Family Fare owner cited for water quality violations

Aug. 19, 2013 @ 06:15 PM

M.M. Fowler Inc., the owner of the Family Fare BP gas station where a major gas spilled occurred earlier this month, has been cited by N.C. Department of Environment and Natural Resources for several violations of state water quality standards.

NCDENR cited the Durham-based company for five violations including unlawful discharge of oil or other hazardous substances and failure to notify federal officials of such a discharge.

It also found that Fowler rendered nearby streams unsuitable for aquatic life, maintenance of biological integrity, wildlife, secondary recreation and agriculture and causing nearby waters to exceed permissible levels of toxic substances, namely toluene, which is produced in the making of gasoline.  

In addition, Fowler was cited for introducing oil and other deleterious substances in amounts that render waters injurious to public health and harmful to fish.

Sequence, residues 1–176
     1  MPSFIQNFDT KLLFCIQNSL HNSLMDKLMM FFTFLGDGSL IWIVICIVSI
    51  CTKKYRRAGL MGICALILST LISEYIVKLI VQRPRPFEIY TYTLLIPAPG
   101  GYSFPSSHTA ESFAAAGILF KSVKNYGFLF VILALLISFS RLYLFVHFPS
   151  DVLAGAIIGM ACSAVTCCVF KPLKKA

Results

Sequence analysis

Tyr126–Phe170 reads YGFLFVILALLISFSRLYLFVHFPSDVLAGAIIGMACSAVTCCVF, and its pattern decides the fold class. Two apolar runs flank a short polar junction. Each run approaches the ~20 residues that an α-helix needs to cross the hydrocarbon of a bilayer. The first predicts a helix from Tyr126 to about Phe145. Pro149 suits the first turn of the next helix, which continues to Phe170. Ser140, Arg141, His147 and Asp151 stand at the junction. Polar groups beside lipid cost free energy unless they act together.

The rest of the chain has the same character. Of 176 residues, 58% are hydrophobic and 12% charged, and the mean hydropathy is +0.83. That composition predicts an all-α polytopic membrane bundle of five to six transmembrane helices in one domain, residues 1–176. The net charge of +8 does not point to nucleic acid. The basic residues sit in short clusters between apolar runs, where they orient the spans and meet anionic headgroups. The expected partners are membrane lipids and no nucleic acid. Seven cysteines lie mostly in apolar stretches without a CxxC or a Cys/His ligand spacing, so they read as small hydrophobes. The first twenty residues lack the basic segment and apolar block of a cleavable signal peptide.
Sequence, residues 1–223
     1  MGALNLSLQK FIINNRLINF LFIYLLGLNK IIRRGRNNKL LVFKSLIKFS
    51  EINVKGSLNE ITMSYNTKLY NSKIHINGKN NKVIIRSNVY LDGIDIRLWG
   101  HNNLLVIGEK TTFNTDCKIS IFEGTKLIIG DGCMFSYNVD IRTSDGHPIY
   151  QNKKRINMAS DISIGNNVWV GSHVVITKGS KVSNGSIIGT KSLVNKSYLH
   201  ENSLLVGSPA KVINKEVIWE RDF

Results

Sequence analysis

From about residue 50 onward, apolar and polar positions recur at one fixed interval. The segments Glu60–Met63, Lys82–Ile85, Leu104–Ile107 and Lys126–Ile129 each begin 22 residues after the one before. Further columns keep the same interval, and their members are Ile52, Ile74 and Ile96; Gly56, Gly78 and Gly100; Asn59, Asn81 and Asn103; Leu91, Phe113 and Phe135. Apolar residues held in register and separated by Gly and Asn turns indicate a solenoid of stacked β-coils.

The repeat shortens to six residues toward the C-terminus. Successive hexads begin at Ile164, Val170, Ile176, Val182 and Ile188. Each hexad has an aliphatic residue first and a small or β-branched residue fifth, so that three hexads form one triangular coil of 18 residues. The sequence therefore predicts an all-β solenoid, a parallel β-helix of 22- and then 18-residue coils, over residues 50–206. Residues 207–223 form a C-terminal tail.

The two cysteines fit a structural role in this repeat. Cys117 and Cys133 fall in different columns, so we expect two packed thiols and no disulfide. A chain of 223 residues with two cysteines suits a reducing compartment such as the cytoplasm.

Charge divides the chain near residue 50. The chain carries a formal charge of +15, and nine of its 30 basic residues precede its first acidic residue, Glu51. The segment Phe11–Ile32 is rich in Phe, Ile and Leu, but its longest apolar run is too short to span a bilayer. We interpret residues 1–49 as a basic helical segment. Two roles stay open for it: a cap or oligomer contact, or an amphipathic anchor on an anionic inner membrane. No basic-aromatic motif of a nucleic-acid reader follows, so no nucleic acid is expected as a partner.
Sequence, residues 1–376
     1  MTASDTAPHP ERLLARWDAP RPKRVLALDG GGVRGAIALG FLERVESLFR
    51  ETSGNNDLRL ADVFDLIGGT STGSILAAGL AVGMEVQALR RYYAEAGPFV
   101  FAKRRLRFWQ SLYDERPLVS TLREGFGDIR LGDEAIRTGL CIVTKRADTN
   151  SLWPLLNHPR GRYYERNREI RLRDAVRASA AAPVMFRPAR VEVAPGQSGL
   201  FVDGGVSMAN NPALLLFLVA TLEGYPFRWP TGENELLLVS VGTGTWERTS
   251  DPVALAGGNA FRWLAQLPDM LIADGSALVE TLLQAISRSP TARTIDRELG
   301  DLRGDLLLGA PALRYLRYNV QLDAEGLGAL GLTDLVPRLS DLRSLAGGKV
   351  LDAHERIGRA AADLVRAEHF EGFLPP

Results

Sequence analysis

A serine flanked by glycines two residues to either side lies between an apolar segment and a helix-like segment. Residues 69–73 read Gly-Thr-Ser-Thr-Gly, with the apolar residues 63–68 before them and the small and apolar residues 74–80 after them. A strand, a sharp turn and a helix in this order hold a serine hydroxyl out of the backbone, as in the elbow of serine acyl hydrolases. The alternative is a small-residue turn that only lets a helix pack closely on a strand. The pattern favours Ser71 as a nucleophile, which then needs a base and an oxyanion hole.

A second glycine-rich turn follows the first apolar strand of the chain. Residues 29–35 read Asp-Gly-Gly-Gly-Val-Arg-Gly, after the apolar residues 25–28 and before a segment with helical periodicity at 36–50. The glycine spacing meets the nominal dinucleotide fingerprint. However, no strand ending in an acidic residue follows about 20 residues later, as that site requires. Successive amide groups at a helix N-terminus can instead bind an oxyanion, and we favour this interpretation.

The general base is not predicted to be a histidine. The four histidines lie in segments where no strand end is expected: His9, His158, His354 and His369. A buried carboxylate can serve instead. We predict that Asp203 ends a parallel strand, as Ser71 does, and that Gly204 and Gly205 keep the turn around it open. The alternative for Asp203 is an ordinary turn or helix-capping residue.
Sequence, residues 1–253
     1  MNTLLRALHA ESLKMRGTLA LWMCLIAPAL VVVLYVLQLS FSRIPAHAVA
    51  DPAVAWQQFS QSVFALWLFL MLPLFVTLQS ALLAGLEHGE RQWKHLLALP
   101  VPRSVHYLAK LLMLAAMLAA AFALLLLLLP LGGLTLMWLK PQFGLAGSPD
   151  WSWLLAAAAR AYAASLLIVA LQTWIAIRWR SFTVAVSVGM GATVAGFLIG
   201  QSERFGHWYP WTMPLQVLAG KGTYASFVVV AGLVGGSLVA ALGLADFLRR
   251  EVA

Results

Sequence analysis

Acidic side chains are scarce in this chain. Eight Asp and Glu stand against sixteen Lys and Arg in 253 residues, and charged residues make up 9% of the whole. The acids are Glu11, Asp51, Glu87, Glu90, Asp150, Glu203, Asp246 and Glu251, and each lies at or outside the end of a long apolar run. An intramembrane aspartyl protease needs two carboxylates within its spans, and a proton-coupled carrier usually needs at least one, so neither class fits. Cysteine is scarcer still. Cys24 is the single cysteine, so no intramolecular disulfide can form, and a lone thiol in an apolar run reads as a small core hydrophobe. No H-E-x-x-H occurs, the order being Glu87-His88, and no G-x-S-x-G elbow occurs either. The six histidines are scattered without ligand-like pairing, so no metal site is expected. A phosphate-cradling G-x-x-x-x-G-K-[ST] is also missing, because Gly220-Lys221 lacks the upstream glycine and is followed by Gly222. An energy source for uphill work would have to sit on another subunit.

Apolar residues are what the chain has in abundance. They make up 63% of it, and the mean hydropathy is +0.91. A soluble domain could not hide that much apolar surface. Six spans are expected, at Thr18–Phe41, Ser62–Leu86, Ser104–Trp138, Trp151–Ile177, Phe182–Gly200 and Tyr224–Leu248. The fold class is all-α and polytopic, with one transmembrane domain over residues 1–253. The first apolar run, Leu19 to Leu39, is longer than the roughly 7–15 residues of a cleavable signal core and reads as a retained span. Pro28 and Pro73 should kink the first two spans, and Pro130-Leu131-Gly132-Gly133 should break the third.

Each violation is subject of a fine of $25,000 a day per violation.

The spill occurred Aug. 1 on the site where Hillsborough-based Bishop Construction Co., was renovating the BP station.

The construction company needed a sump pump to remove rainwater from a footing hole connected to a pipe leading to a town storm drains.

A heavy rain caused the footing hole to cave in, and falling concrete punctured a fiberglass tank containing gasoline.

The sump pump activated when the hole began to fill with gasoline and water, sending it through a pipe to the town’s stormwater drain, then into the creek.

The spill was discovered by a police officer who smelled gasoline around 5 a.m.

It’s estimated that 2,400 gallons of gasoline poured into nearby Crow Branch and Booker creeks. 

M.M. Fowler has 30 days to respond to the certified letter it received Monday from NCDENR and to answer several questions including how much gasoline was in the underground storage tank, why the pit was dug adjacent to the tank and why the sump pump was left operating overnight.

Additionally, the company has been asked to explain when it was first award of the spill, who it notified and when the notification was made and to detail what cleanup efforts were taken.